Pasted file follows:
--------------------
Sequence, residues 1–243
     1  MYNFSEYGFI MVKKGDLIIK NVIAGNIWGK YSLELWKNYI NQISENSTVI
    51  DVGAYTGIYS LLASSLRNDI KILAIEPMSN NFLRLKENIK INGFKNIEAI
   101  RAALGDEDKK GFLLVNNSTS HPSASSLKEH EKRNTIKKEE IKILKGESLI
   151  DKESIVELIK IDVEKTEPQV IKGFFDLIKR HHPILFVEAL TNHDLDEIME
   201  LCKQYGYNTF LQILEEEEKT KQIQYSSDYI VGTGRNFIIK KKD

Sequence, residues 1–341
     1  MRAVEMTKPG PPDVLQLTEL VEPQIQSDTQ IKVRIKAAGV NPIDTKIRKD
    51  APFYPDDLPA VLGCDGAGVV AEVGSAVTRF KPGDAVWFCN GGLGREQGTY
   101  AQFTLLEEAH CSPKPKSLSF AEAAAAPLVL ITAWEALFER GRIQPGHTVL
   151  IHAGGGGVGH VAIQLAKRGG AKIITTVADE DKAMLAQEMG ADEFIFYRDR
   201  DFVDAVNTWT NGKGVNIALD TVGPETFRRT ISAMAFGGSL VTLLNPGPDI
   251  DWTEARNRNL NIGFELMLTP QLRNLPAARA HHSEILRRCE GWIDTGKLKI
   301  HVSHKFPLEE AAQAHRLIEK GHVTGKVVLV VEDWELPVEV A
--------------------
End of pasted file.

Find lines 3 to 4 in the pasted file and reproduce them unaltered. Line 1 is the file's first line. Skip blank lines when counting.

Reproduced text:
    51  DVGAYTGIYS LLASSLRNDI KILAIEPMSN NFLRLKENIK INGFKNIEAI
   101  RAALGDEDKK GFLLVNNSTS HPSASSLKEH EKRNTIKKEE IKILKGESLI